And so Gray's death was troubling to Angelos on more than one level. He used Twitter to caution that the investigation was ongoing. Still, whatever it unearths won't change the things he said on Saturday.
 
His father, Peter Angelos, bought the Orioles in 1993. Peter is the son of Greek immigrants and a self-made man in every way imaginable. He was raised in the Highlandtown area of East Baltimore, a gritty working-class area.
 
Peter graduated from Patterson Park High School and was valdectorian of his class at the University of Baltimore School of Law. He has practiced law in Baltimore for 44 years and prides himself on speaking for those unable to speak for themselves.
 
He has taken on asbestos manufacturers, tobacco companies and pharmaceuticals. He's also a former member of the Baltimore City Council and has been involved in dozens of development projects in the city.
 
Once during a conversation with a reporter, Peter began talking about the beauty of the American judicial system and its power to right wrongs. As he spoke, tears welled in his eyes.
 
John Angelos, also a law school grad, understands these same emotions and felt them bubble to the surface on Saturday night. He knows that we'll return to playing baseball at some point soon.
 
He believes this isn't that time. Rather, it's a moment to speak up for the right thing. In that way at least, he's very much his father's son.

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Richard Justice is a columnist for MLB.com. This story was not subject to the approval of Major League Baseball or its clubs.

Tweet fantasy baseball questions to MLB.com guru

Zinkie hosting live Twitter chat @Fantasy411; submit now using #Fantasy411

Tweet fantasy baseball questions to MLB.com guru

Sure, you've read through MLB.com's fantasy notes. You've followed MLB.com/fantasy's Twitter handle, @Fantasy411, for years. But you still need that edge over your competition. What do you do?

Ask the expert. Of course, the answer is that easy.

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Zachary Finkelstein is a fantasy editor for MLB.com. This story was not subject to the approval of Major League Baseball or its clubs.

Stults, Johnson lead Braves past Nationals

Stults, Johnson lead Braves past Nationals

ATLANTA -- Kelly Johnson went 3-for-4, with three RBIs, including a two-run homer that fueled a three-run sixth, and the Atlanta Braves took advantage of sloppy defense by the Washington Nationals, who committed four errors, to take the first game of a three-game series, 8-4, Monday night at Turner Field.

Starter Eric Stults (1-1) got the win for the Braves, who had lost five of six, limiting the Nationals to two runs and four hits in a season-high 6 1/3 innings. Stults threw 59 of his 96 pitches for strikes. In the seventh, reliever Cody Martin got out of a bases-loaded, one-out jam by inducing a sacrifice fly from Denard Span then catching Ryan Zimmerman looking at a fastball down the middle to end the inning.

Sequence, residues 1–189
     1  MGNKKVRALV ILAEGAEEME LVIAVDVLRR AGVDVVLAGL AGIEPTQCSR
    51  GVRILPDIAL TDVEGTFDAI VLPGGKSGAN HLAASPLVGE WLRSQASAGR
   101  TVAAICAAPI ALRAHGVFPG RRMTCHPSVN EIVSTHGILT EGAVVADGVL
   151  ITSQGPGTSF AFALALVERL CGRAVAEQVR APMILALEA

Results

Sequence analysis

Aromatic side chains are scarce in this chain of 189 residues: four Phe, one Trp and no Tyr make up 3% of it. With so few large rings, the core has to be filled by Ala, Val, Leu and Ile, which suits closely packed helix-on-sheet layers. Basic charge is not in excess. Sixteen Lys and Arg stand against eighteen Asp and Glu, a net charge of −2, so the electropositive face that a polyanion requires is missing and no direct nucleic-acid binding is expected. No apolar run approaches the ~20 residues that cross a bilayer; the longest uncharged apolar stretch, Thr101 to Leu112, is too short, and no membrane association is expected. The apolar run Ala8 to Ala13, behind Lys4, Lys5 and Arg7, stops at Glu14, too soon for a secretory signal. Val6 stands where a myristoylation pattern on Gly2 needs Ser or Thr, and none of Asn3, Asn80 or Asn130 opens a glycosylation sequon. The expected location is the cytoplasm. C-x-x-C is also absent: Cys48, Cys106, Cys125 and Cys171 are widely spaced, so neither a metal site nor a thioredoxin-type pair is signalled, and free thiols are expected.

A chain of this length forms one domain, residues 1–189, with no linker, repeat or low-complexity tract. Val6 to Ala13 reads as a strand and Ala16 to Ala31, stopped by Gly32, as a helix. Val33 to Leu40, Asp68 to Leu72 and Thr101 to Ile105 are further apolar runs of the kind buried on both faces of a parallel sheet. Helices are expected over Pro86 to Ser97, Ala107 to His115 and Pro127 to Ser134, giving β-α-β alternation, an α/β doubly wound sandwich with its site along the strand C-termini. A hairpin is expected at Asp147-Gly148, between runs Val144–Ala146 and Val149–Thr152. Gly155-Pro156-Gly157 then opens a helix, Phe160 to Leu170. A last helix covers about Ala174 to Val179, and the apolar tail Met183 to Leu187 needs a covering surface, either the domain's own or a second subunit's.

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Jon Cooper is a contributor to MLB.com. John Donovan is a contributor to MLB.com. This story was not subject to the approval of Major League Baseball or its clubs.

Amid protests, Manfred addresses Orioles, White Sox

Amid protests, Manfred addresses Orioles, White Sox

BALTIMORE -- Commissioner Rob Manfred has been making an effort to meet with as many teams as possible during his first year in office, which is why he flew to Baltimore on Monday.

Manfred planned to talk to players from the Orioles and visiting White Sox. He had some business to discuss with Orioles owner Peter Angelos. And, on top of all that, he just likes the city. It was here that he was elected to replace Bud Selig last August. Years ago, Manfred was a season-ticket holder at Oriole Park at Camden Yards.

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Paul Hagen is a reporter for MLB.com. This story was not subject to the approval of Major League Baseball or its clubs.

Bruce homers, backs strong Marquis as Reds top Brewers

Bruce homers, backs strong Marquis as Reds top Brewers

CINCINNATI -- Reds bats emerged from a recent funk Monday against a Brewers team it previously hit hard only a week ago in Milwaukee. Cincinnati chased starting pitcher Jimmy Nelson early but held off a ninth-inning rally to get a 9-6 victory in the three-game series opener at Great American Ball Park.

The Reds sent nine men to the plate in a four-run bottom of the second inning and added three more runs in the third. A two-run home run by Jay Bruce kickstarted the rally against Nelson. Later with runners on first and second and one out, pitcher Jason Marquis chopped an RBI single off third baseman Aramis Ramirez's glove to snap the Reds' 0-for-23 streak with runners in scoring position. A bases-loaded walk to Zack Cozart forced home another run.

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Mark Sheldon is a reporter for MLB.com. Read his blog, Mark My Word, and follow him on Twitter @m_sheldon. Andy Call is a contributor to MLB.com. This story was not subject to the approval of Major League Baseball or its clubs.